The reason I’m targeting property owners is simple:

  • It follows rule #1 of using existing tax infrastructure.
  • Real estate is a finite resource and since people of higher incomes are disproportionately likely to own more valuable property, the tax is progressive. For the nearly 1/3 of Americans who don’t own real estate, they will pay the tax indirectly through the increased cost of renting/leasing passed on by the landowner.
  • Personal transportation property has been added to help make up for the massive loss of sales tax revenue from new and used vehicle purchases. Instead of a fixed rate as implemented by the few states which tax personal property, we would use a variable rate based on a “blue book” value of the property.

As always SOME exemptions would have to be created for certain land types and landowners such as Indian reservations, non-profits/charities, unemployed and retired persons, and perhaps the Amish??? (I’m not sure how they handle property taxes right now).

The property tax increase would be implemented in two phases. The first phase would be to replace the income and sales tax at the state level with the property tax. Since most state already a property tax based on it’s value, it just has to be determined how much of an increase would be necessary to match the loses from the removal of state income and sales tax. The property tax on corporate-owned property (which would replace the corporate tax) would by collected by the state and transferred by them to the Federal government. During this stage a Federal income tax would still be levied as usual. It would probably take several years the new system to stabilize and then it would be on to the second phase.

In phase two, property taxes would again be increased simultaneously when the Federal income tax is removed. The money would still be collected locally by the state so at the citizen level you would never be paying money directly to the Federal government.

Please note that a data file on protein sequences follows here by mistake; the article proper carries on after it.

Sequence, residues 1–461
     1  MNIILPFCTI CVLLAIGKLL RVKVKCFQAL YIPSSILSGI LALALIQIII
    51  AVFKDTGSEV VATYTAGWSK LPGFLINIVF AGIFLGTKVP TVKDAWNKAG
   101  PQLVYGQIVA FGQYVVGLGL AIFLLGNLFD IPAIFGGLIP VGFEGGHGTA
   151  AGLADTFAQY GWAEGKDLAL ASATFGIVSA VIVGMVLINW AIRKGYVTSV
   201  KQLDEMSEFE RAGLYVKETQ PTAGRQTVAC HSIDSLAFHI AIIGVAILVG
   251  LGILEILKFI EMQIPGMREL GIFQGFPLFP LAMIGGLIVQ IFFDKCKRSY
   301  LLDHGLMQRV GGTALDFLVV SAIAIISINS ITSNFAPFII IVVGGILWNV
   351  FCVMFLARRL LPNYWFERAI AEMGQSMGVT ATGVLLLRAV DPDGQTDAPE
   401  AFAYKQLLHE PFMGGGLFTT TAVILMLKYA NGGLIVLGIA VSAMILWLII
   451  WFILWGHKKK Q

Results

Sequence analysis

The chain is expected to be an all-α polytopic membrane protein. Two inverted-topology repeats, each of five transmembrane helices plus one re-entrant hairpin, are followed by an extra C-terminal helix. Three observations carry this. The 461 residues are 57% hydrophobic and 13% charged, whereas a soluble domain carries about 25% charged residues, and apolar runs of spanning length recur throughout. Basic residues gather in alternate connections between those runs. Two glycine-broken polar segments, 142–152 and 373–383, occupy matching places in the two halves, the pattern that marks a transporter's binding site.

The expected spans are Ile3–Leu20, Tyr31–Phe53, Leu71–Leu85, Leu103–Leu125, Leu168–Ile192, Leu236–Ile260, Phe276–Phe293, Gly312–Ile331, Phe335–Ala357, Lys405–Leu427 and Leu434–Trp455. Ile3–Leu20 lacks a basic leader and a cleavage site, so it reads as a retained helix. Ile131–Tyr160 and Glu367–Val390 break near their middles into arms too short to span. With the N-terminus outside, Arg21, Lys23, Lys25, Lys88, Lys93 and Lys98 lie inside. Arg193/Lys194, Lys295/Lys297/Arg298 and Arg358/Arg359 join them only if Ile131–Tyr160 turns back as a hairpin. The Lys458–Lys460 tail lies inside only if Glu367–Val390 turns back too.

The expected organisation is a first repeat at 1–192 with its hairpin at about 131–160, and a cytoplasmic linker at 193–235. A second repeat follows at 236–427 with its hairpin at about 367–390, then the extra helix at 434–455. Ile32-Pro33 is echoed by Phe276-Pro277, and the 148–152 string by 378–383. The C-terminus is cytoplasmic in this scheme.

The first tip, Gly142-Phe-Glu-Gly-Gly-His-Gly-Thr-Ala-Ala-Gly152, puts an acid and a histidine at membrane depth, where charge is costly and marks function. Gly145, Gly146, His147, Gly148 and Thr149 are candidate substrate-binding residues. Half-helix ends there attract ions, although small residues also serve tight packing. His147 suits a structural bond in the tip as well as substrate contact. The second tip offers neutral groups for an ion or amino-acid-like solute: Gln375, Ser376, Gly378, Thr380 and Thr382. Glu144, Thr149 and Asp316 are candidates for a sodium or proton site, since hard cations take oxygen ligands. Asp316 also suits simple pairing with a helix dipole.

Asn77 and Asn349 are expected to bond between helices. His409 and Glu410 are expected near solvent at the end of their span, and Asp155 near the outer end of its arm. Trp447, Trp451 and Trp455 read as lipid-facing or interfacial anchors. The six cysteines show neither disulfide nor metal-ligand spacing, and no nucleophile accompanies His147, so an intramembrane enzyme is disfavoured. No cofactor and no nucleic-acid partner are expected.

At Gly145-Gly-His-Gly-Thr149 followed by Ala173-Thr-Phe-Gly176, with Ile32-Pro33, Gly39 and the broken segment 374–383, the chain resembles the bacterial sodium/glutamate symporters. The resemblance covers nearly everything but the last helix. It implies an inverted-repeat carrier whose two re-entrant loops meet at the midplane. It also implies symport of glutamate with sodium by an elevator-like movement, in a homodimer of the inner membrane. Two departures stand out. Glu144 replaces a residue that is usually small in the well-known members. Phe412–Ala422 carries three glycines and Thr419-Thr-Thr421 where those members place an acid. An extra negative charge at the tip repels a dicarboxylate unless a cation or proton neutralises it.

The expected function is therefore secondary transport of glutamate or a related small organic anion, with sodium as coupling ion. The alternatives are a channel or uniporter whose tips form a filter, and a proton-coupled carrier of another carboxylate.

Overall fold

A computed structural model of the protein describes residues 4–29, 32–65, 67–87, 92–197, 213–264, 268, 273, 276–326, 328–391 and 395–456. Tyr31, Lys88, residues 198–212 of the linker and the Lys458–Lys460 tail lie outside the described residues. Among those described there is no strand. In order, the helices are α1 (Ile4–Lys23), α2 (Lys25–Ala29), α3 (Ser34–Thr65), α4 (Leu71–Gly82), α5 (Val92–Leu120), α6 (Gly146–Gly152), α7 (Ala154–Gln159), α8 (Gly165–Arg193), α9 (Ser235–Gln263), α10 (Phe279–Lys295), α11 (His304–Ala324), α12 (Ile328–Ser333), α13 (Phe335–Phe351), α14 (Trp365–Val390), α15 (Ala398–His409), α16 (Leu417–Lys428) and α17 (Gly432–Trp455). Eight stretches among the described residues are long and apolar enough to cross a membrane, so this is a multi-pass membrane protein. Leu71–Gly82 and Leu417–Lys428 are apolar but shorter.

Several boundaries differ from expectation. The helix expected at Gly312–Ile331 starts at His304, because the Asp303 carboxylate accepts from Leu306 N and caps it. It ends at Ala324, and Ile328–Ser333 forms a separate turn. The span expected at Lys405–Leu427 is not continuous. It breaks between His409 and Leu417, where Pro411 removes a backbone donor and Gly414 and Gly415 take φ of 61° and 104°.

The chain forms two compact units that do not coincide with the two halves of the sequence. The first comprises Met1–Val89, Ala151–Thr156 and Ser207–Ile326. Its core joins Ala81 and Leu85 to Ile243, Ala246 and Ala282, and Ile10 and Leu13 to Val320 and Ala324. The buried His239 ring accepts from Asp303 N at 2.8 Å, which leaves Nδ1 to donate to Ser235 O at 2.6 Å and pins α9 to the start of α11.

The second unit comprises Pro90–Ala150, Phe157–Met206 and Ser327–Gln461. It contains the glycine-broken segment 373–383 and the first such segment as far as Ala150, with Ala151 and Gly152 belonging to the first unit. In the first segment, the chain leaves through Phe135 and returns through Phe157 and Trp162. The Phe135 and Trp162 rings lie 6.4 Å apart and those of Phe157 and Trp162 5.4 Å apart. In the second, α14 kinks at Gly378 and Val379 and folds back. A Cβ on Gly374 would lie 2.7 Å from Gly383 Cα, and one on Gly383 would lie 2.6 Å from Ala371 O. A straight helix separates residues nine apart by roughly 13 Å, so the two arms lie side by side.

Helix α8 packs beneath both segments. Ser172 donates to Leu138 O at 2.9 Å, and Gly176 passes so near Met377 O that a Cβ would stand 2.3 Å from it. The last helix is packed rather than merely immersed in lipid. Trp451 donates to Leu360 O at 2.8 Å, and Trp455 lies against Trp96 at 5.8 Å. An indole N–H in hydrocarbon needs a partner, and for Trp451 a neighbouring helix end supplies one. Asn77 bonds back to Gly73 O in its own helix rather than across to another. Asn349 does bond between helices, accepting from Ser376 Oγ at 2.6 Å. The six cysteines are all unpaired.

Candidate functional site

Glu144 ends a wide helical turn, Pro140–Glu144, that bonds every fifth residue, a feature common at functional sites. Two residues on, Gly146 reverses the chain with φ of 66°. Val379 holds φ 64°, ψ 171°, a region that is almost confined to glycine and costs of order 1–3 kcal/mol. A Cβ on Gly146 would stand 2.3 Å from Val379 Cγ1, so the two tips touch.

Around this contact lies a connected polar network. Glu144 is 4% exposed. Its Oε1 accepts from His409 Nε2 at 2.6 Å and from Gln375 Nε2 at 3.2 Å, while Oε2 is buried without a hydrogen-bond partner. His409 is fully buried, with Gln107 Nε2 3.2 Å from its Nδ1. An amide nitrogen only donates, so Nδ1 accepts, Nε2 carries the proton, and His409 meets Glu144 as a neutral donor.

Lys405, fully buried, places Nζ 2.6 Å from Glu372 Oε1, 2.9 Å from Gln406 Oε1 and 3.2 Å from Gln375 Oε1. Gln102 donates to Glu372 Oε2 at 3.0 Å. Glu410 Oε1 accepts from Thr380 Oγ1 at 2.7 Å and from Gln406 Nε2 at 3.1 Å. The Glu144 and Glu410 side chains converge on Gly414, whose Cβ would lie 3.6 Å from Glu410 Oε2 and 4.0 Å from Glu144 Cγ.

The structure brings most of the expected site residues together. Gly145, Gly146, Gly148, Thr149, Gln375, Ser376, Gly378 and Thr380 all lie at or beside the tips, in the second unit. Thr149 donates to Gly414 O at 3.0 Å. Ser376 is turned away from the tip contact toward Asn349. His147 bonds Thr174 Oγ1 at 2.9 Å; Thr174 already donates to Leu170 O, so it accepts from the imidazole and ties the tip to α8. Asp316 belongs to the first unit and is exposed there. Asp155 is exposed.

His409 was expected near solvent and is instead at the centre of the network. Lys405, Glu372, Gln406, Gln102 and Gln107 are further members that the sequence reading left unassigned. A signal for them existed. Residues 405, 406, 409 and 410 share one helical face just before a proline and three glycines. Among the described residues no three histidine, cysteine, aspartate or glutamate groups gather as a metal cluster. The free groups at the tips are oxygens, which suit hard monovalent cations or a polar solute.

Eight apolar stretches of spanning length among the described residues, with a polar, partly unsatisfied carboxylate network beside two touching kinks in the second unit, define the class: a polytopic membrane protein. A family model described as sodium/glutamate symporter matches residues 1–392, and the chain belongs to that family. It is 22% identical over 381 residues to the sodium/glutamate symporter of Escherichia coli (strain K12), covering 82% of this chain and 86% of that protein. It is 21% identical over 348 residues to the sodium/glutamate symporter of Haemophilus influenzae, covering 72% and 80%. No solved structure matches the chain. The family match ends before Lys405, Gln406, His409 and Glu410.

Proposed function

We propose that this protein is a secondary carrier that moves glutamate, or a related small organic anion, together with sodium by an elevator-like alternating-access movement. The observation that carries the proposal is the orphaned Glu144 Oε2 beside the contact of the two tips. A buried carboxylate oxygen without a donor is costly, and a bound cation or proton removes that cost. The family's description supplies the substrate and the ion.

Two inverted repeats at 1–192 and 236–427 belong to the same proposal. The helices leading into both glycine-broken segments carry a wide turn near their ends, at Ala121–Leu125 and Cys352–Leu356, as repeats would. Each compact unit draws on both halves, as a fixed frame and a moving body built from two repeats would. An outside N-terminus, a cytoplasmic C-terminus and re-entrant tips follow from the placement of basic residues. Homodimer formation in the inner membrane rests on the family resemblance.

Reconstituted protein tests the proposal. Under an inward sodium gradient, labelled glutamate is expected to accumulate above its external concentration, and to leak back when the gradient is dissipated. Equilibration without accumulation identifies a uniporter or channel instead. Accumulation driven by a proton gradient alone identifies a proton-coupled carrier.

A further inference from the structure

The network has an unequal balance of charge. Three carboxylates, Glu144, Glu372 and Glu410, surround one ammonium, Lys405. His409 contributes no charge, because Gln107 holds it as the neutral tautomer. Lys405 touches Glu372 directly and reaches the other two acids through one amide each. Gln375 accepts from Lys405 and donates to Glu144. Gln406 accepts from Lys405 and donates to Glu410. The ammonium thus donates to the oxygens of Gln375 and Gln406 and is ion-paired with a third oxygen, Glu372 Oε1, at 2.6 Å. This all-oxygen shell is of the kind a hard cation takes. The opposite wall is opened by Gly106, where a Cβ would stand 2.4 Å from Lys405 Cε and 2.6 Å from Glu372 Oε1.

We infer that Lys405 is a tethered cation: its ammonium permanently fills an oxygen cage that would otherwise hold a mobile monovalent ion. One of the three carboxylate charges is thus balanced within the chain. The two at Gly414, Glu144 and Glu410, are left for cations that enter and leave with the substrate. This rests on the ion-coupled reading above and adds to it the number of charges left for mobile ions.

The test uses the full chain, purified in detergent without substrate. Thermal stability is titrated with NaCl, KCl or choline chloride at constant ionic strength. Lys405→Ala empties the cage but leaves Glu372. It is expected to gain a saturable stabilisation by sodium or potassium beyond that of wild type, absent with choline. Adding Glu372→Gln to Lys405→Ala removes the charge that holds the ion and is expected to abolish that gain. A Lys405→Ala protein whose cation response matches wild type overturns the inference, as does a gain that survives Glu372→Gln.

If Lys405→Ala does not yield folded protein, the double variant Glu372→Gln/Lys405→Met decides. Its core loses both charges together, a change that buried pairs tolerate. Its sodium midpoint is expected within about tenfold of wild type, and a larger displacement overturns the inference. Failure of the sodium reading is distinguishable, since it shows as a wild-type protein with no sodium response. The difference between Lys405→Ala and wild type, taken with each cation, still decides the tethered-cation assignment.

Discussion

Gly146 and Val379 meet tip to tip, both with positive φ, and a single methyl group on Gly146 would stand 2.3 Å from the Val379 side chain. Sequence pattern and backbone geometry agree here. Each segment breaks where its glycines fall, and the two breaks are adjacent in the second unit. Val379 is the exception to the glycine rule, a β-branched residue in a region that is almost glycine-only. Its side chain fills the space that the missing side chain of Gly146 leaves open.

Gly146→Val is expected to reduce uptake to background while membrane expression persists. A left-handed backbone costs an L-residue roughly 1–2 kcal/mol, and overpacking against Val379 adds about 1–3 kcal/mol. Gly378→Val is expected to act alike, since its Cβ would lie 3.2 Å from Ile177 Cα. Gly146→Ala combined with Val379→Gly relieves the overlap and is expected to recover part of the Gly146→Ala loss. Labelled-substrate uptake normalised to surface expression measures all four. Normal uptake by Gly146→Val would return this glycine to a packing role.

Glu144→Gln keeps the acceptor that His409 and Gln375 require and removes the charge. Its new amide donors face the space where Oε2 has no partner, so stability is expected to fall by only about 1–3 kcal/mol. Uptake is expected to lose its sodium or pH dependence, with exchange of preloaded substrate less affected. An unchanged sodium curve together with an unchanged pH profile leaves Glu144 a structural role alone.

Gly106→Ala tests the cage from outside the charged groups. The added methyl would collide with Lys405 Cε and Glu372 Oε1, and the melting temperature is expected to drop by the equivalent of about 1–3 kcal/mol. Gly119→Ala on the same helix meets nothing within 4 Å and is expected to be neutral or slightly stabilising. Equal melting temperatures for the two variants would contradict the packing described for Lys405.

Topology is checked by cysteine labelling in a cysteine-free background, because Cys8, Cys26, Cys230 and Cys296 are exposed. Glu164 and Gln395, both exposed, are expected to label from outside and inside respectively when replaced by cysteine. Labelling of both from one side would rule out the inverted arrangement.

Taxes also serve an additional purpose besides raising money to pay for government services. They also provide economic incentive (or penalty) for things that would otherwise not make good financial sense. The can help to equalize the playing field between products/services that are more beneficial, but would not otherwise make good financial sense. They can also make it financially costly to do things that would hurt society as a whole (such as polluting).

As such, a few existing secondary taxes would also be kept aside from the primary tax on property. There’s a bunch of them: http://en.wikipedia.org/wiki/Tax#Kinds_of_taxes, but I’d propose keeping current Excises and Tariffs as they are right now and dumping most everything else.

Obviously, this kind of major change isn’t likely to ever happen, but it was a fun thought exercise and I think I learned a bit more about taxation in America while researching it. So go ahead, rip it apart in the comments…

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This entry was posted on Sunday, January 23rd, 2011 at 11:19 am and is filed under Opinion. You can follow any responses to this entry through the RSS 2.0 feed.